What is Green Economy?

For the purposes of the Green Economy Initiative, UNEP has developed a working definition of a green economy as one that results in improved human well-being and social equity, while significantly reducing environmental risks and ecological scarcities. In its simplest expression, a green economy can be thought of as one which is low carbon, resource efficient and socially inclusive.

Practically speaking, a green economy is one whose growth in income and employment is driven by public and private investments that reduce carbon emissions and pollution, enhance energy and resource efficiency, and prevent the loss of biodiversity and ecosystem services. These investments need to be catalyzed and supported by targeted public expenditure, policy reforms and regulation changes. This development path should maintain, enhance and, where necessary, rebuild natural capital as a critical economic asset and source of public benefits, especially for poor people whose livelihoods and security depend strongly on nature.


The global recession has brought new attention to chronic structural flaws in current economic models and assumptions. As economies struggle to recover, many are taking a closer look at the broad concept of a “Green Economy,” one that simultaneously promotes sustainability and economic growth. What would this type of economy look like, and how could we get there?

A Green Economy can be thought of as an alternative vision for growth and development; one that can generate growth and improvements in people’s lives in ways consistent with sustainable development. A Green Economy promotes a triple bottom line: sustaining and advancing economic, environmental and social well-beingThe prevailing economic growth model is focused on increasing GDP above all other goals. While this system has improved incomes and reduced poverty for hundreds of millions, it comes with significant and potentially irreversible social, environmental and economic costs.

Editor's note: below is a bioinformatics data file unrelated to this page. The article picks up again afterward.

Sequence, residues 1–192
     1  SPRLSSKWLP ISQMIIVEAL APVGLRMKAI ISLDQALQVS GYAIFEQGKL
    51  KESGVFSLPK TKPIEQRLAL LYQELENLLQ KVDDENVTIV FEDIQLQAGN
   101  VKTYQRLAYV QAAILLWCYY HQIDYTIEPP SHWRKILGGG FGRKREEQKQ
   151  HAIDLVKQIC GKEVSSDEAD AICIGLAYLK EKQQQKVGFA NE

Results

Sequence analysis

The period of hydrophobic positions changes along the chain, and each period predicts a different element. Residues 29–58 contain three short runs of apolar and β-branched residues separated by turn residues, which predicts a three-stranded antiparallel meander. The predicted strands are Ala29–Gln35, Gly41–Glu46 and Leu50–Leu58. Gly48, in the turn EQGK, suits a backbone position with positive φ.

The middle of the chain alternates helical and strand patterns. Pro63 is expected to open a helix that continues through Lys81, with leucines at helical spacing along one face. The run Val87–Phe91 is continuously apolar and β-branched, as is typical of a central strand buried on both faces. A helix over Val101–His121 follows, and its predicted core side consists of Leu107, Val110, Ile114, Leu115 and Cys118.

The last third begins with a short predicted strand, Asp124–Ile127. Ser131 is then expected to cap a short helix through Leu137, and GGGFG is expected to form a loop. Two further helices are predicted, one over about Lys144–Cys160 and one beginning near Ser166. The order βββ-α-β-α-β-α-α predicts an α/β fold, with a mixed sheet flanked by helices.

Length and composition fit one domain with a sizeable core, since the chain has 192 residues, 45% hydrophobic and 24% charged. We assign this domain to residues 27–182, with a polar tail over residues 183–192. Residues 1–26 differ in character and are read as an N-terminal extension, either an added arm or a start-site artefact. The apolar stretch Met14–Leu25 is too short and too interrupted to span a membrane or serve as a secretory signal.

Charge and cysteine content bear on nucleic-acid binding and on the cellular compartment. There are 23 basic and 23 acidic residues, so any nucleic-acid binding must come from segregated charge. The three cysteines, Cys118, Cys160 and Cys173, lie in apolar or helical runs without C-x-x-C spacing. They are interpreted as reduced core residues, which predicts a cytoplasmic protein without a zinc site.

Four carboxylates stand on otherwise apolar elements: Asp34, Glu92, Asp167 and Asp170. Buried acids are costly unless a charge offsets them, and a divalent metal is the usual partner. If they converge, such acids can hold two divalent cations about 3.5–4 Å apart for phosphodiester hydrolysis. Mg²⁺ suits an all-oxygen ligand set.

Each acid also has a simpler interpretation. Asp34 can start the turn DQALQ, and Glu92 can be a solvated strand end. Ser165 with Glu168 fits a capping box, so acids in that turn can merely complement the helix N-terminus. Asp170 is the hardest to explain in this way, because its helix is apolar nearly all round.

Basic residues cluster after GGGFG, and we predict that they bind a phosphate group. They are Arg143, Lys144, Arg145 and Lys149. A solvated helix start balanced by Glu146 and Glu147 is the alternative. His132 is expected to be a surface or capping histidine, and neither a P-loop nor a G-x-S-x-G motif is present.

Poverty persists for as many as two and a half billion people, and the natural wealth of the planet is rapidly being drawn down. In a recent global assessment, approximately 60 percent of the world’s ecosystem services were found to be degraded or used unsustainably. The gap between the rich and poor is also increasing – between 1990 and 2005, income inequality (measured by the gap between the highest and lowest income earners) rose in more than two thirds of countries.

The persistence of poverty and degradation of the environment can be traced to a series of market and institutional failures that make the prevailing economic model far less effective than it otherwise would be in advancing sustainable development goals. These market and institutional failures are well known to economists, but little progress has been made to address them. For example, there are not sufficient mechanisms to ensure that polluters pay the full cost of their pollution. There are “missing markets” – meaning that markets do not systematically account for the inherent value of services provided by nature, like water filtration or coastal protection.

A “market economy” alone cannot provide public goods, like efficient electricity grids, sanitation or public transportation. And economic policy is often shaped by those who wield power, with strong vested interests, and rarely captures the voice and perspectives of those most at risk.

Building an Inclusive Green Economy for All
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